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US Gov has multiple mission-critical IT failures

Editorial Staff

In the past few days, the US Immigration and Customs has had the third major IT failure in two years. When you read of a "US government shut-down," this is not what one expects. It's not the only US Government department to go dark. And it carries lessons for all of those rushing to bring NewTech online before it is proven.

In January 2018, it was reported that several airports across the USA suffered a repeat of a computer failure a year earlier. The Customs and Border Protection (immigration) computers stopped working.

In January this year, the US government entirely failed to prepare for the rush for so-called H-2B visas for temporary, non-agricultural workers and, as the application period opened at midnight on 1 January, it crashed under the weight.of 33,000 applications for visas to start on 1 April. It was the fault of iCERT's operators, The Department of Labor's (sic) Office of Foreign Labor (sic) Certification had issued a statement, on 27 December, saying that the 1 January was a hard date and that any applications before that date would be automatically rejected and would have to be resubmitted.

In August this year, a total failure of the US customs IT system at airports lasted two hours. No one could get in or out until they had been "manually processed." Reports say that the original problem began at the Federal Inspection Services computer. Passengers arriving from outside the USA found the immigration desks had no access to computerised records and had resorted to that old standby, the human interface. For travellers flying with BA, it was the second major failure in a week when the airline's own systems broke down.

In each case, Customs and Border Protection said that there was no suspicious reason behind the failures.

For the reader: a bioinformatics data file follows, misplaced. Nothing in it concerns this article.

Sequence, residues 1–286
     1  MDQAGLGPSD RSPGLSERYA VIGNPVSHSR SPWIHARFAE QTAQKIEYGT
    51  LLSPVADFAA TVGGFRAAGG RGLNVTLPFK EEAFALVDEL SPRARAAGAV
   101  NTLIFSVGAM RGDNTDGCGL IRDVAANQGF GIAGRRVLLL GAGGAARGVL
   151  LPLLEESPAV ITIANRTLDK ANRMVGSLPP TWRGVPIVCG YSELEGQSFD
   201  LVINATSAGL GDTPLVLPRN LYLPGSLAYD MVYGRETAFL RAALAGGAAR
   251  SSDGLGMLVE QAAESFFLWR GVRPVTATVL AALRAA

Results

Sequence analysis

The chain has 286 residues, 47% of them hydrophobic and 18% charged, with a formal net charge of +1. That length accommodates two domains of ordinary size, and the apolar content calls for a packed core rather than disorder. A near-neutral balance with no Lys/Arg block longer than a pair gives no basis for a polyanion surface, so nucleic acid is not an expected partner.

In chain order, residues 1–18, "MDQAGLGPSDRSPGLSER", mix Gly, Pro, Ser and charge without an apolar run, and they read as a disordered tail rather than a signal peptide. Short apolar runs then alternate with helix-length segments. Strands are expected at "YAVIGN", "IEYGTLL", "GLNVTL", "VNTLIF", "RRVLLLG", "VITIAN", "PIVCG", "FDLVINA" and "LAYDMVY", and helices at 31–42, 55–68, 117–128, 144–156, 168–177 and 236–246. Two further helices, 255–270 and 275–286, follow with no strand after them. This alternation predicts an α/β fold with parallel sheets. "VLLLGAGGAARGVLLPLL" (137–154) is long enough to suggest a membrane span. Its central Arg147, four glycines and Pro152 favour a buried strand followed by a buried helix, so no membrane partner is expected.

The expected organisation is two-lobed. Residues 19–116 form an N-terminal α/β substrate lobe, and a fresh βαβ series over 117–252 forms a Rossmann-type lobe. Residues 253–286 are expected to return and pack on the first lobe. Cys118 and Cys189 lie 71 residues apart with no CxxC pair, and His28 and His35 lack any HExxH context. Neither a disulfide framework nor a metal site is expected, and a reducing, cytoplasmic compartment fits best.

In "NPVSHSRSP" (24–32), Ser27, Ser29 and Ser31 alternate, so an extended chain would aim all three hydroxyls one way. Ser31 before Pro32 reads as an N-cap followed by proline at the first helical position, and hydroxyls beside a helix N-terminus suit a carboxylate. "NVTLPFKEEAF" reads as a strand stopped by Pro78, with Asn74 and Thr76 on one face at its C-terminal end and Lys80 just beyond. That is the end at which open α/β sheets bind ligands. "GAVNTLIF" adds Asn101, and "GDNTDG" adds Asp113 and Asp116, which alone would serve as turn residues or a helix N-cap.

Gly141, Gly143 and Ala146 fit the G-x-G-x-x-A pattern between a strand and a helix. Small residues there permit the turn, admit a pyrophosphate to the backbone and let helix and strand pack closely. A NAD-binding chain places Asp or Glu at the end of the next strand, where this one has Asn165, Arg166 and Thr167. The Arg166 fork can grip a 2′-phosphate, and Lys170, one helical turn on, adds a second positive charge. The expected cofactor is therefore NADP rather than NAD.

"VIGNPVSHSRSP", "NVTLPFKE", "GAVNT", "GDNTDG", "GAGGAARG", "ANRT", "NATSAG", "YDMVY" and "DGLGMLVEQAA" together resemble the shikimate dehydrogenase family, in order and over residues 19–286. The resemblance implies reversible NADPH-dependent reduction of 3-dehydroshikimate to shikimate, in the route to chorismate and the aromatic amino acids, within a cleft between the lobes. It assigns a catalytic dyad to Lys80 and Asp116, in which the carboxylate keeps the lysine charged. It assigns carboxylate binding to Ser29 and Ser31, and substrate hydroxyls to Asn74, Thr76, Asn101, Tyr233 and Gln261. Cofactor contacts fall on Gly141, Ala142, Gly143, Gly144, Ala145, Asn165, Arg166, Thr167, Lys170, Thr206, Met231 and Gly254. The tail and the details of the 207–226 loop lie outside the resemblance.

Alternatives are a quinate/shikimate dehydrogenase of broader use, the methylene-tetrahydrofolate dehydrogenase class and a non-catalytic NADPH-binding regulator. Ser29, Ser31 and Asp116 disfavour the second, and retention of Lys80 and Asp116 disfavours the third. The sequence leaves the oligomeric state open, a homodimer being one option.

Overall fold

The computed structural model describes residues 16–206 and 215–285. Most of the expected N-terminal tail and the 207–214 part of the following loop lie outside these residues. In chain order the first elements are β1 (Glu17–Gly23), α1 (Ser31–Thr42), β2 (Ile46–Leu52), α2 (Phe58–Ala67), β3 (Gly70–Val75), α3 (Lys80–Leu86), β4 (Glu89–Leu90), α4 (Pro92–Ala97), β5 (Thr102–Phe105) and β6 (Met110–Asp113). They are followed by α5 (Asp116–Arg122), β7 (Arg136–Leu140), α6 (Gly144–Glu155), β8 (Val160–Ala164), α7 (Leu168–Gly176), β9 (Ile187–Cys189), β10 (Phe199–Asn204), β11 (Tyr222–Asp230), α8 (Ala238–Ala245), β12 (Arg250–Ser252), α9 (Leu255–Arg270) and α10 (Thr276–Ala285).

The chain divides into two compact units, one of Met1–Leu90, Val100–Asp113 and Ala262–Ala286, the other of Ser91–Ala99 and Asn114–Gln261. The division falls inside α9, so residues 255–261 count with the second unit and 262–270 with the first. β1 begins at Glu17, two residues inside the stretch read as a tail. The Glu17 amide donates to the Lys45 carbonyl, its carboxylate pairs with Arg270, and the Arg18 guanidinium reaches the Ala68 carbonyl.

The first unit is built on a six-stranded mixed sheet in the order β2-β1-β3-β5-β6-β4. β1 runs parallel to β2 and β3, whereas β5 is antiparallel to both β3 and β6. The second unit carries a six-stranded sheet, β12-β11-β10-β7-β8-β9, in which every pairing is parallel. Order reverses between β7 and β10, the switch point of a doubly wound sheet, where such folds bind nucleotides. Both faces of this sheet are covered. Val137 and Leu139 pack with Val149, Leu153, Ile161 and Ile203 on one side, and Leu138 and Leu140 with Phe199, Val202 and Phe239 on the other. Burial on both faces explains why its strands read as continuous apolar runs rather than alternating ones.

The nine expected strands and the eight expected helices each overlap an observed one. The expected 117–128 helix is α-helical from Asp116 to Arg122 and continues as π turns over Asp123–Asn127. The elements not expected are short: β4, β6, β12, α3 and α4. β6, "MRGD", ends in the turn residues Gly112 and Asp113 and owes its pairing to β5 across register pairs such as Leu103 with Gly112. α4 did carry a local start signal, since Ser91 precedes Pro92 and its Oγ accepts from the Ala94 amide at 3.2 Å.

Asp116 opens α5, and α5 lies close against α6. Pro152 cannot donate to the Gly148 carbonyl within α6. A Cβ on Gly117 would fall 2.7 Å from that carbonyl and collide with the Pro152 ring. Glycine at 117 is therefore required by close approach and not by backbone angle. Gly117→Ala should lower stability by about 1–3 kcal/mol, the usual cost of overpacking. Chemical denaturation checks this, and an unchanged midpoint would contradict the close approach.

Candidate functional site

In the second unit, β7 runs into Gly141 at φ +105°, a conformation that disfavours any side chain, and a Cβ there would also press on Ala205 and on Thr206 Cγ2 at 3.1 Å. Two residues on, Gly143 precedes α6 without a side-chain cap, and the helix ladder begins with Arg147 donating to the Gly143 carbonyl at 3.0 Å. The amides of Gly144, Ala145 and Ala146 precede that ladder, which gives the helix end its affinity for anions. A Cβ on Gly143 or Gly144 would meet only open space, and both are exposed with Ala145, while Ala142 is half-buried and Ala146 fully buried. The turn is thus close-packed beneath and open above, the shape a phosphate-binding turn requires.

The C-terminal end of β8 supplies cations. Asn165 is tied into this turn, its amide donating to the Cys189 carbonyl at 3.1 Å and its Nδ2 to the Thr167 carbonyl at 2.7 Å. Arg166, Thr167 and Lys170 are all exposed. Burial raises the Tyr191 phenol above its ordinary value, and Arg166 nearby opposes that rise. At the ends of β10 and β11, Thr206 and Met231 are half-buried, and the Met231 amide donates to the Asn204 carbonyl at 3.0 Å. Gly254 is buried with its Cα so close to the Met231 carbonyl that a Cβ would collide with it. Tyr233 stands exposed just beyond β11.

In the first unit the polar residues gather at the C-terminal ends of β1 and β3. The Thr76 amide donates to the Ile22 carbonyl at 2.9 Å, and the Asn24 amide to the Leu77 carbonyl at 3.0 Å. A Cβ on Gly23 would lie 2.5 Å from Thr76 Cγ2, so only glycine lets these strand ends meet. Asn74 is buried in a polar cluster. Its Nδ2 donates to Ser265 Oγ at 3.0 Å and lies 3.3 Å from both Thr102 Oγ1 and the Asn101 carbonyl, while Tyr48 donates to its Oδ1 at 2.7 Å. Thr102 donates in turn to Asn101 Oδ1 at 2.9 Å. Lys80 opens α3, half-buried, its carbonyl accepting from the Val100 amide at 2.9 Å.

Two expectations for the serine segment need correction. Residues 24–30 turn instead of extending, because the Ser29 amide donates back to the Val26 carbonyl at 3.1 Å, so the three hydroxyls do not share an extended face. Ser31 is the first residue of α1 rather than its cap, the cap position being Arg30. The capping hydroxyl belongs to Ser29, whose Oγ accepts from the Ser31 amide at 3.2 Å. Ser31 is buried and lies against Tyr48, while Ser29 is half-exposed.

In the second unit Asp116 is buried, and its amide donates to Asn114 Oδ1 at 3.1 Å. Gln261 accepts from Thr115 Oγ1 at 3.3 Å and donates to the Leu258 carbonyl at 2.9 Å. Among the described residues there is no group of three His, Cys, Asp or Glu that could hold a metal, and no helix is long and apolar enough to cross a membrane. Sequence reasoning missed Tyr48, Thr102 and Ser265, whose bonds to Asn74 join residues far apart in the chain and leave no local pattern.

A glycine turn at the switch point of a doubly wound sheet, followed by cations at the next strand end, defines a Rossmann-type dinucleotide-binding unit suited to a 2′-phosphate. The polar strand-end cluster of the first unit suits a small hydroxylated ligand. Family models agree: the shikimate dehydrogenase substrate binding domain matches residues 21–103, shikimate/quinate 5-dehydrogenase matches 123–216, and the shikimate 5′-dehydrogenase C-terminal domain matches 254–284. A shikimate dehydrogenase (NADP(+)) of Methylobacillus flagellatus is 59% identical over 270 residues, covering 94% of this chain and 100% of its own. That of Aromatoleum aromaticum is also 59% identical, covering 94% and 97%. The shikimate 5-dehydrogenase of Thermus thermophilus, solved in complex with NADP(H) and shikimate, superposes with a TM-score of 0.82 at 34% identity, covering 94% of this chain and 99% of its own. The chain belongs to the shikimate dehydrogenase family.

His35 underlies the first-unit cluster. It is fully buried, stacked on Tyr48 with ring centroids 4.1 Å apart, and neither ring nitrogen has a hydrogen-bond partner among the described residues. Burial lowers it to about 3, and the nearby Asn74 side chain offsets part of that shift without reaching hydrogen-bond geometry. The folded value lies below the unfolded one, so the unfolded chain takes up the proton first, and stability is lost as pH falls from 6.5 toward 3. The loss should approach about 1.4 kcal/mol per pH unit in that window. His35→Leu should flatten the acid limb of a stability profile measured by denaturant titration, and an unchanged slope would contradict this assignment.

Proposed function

Last weekend, the on-line not-exactly-a-visa system, ESTA, broke down. The ESTA site had been "relaunched" and then it sank. ESTA is the pre-clearance system for those who are entitled to what might be termed a "visa-light" right to enter the USA for tourism purposes. The USA calls it "visa-free" but it's more akin to the proposed arrangement between the UK and the EU after Brexit in that those who don't need a "visa" need an entry document of sorts. That includes holders of 39 passports including the UK. The USA calls it a form of "pre-screening" and it takes the place of questioning at the arrival airport before entry is granted. Moreover, the "update" took place over the weekend when there were no staff at missions to assist passengers who were making last minute applications, as is very common. In the absence of the ESTA documents, airlines will not allow passengers to board because, if they are turned back on arrival, the airline bears the cost of returning them to their point of departure. US Customs and Border Protection reported blamed the victims saying that the department " has for many years recommended that prospective travellers complete the online Esta form at least 72 hours in advance of travel to ensure sufficient time for processing."

They should expect this. After all, in June 2015, the New York Times reported "The United States has been unable to issue visas to travellers around the world for two weeks because of a computer hardware failure that remains unresolved, State Department officials said Monday." That, "officials" said, was not the same software problems that caused a system-wide crash in 2014. The page at the travel.state.gov website (http://travel.state.gov/conten...) linked from the NYT article has been removed. The back up system failed because it had corrupted data, the NYT reported.

The lesson across industry is this: if something with the resources of the US Government can't get its mission critical systems right, how dangerous is it to rush into untested, or inadequately tested, software in e.g. the financial and healthcare sectors? Those pushing for ever-more and ever more rapid adoption of FinTech and RegTech must take not of the propensity to fail.

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